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Hello Batty,

I'm also thirteen and I've been busking every weekend ( as long as the weathers good )for about 3 months now. I go with my friend who is also a magician. Some people take us seriously, some say it's just 'Two little kids doing a cute show'. Either way works, aslong as you have good tricks and you've practiced them. You'll get a full hat everytime. The only problem is getting the audience. Most people think your annoying little kids that are screwing around. Proove them wrong by doing a 'slap in the face' kind-of trick while they're looking at you.

Hope this helps and good luck,

Spencer.
'Pick a card, any card'
MagicSanta
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I like the senior center approach. The fact is you will be seen a a kid doing a cut little show because you are, and I know this may hurt, are a kid. There is only one cure for that and that is to grow older but that takes time.
Batty
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Thanks for all of the tips. I have auditioned for a play, and seeing that I had "Magic" on my list of previouis performing experience, the directors asked me to perform something. I did Color Monte and the Sponge Balls, which blew them away. Today, I was asked by one of them to perform at a street fair in their town in May and I'll definitely have an act by then. This brings me to my next question, am I allowed to ask for tips when I am hired to perform?

Note that they won't pay much, if any. It will probably be enough to buy a lunch and a Hot Dog.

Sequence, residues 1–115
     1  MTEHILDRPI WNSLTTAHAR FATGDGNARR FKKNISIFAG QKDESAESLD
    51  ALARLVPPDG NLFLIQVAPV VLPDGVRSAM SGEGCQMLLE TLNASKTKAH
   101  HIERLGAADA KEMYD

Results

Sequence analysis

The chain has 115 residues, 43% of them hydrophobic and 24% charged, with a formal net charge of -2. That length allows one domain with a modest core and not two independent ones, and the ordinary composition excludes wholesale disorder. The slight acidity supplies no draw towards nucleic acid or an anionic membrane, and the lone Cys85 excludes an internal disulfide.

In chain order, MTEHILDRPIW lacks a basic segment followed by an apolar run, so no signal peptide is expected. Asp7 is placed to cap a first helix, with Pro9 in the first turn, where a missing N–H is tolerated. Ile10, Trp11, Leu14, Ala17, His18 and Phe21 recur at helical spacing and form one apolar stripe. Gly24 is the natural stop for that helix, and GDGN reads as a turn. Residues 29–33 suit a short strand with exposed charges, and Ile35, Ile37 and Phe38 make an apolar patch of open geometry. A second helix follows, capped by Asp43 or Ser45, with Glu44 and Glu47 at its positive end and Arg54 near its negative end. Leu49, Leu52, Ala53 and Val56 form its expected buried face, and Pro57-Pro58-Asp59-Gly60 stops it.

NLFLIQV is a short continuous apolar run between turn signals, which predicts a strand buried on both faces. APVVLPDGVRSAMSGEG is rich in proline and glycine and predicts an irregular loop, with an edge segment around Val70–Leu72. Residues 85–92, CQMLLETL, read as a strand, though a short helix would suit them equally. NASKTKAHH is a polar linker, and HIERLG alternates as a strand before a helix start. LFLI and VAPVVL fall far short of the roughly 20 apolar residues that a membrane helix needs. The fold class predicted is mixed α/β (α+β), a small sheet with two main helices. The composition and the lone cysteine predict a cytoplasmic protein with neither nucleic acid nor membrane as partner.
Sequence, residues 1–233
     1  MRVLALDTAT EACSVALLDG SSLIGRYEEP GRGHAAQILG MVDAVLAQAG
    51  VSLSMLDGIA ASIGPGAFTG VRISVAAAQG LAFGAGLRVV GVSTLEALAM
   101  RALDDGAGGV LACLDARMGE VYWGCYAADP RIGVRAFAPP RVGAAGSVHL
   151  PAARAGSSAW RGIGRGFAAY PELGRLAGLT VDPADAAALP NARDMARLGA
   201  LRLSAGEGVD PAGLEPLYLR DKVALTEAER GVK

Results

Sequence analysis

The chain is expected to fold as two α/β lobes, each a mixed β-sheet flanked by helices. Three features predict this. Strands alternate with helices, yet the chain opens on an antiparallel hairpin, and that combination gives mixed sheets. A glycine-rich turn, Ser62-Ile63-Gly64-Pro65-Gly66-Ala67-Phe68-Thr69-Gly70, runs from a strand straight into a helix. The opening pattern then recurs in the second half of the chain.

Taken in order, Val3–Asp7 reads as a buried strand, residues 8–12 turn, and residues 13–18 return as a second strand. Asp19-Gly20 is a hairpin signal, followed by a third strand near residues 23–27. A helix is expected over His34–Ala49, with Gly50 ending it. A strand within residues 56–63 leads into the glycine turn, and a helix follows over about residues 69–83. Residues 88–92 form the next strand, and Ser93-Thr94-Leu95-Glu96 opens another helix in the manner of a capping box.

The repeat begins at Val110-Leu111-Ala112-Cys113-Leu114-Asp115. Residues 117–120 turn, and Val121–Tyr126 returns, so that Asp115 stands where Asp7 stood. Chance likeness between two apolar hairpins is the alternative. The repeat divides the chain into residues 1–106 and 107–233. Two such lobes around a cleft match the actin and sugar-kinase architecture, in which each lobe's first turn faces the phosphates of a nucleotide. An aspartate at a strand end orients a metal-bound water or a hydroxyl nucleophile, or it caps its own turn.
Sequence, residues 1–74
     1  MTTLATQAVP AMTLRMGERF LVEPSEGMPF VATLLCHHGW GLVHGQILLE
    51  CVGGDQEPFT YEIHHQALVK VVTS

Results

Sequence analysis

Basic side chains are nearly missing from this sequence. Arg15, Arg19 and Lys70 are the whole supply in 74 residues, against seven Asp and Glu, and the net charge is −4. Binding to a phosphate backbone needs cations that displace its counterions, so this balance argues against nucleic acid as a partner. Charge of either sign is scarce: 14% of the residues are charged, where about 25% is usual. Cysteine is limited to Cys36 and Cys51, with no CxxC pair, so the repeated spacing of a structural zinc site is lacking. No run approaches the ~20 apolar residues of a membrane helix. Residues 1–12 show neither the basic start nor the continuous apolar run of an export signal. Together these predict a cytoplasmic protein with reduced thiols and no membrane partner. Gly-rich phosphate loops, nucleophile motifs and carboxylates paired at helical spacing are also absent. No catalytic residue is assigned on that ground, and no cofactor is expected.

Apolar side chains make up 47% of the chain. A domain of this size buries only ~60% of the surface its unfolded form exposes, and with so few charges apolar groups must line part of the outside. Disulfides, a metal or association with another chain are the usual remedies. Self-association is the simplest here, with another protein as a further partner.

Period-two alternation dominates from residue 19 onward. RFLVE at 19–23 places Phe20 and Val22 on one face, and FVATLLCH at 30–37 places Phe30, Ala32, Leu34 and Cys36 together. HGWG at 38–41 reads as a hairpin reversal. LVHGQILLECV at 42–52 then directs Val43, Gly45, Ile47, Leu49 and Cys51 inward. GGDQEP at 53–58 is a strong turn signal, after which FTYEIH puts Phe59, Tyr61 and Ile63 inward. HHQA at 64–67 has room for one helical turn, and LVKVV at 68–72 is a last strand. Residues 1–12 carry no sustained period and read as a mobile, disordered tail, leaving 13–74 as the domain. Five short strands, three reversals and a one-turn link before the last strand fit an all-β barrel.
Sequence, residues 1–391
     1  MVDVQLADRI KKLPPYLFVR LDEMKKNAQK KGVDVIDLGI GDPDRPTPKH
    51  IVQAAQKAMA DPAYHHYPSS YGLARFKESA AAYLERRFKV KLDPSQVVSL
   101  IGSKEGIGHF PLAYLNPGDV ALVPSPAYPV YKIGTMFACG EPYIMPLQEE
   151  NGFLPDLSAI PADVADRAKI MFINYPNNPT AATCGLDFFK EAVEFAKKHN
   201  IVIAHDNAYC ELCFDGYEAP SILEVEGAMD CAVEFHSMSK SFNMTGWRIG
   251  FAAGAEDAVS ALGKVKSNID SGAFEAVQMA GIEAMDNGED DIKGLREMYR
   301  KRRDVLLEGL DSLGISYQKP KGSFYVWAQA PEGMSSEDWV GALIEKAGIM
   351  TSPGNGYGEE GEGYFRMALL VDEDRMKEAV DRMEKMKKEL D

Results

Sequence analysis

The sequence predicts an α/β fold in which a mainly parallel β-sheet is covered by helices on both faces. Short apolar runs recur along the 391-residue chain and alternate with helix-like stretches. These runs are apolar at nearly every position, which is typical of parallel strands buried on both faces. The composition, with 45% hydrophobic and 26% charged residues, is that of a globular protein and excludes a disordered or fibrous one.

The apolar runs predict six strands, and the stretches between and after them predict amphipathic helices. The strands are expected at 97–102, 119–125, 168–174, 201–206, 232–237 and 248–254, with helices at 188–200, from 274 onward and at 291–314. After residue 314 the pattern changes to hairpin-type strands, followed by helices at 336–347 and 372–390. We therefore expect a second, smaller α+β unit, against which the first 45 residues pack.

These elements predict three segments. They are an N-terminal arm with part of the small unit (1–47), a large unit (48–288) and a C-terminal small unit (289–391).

And thank you for your inspiring words and tips. SBosma, that does help knowing I'm not the only one. Also, where are you and did you need a permit? Just wondering. Also, at my SAM, someone was telling me how their son got a restaraunt gig at 13, so that supported my case even more. Although that "Bag lady" case definitely tells me to have a guardian (possible stooge?).

I was thinking of doing "Design for Laughter" from RRTCM as a starter, which will start with me being a cute little kid and ending with the audience being amazed. However, this doesn't seem to catch the eye of people as much as things like linking rings or sponge balls. And just as an update, I can now do the Vernon cups and balls routine. I have a finaly.
MagicSanta
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Open with something big and flashy, not cards. Cards are good to draw a crowd and may be effective in concert with a larger routine.
Eddie Torres
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Just ask, they'll tell you if you can pass the hat or not.
Eddie Torres
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Magnus Eisengrim
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As for hat lines, a local yoyo busker--aged 10--used to get a good laugh by telling the crowd that he had a wife and growing family to feed. I don't mind passing on his line as he's 19 now and now longer uses it.

John
I do not wish my name or image to be associated with the arbitrary and capricious abuse of power.
sBosma
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I do not need a permit in my town. In some places you do need a permit, so I would ask around to see if you need one.

About the tips, just ask the people who hired you and they'll tell you if you can or can't.
'Pick a card, any card'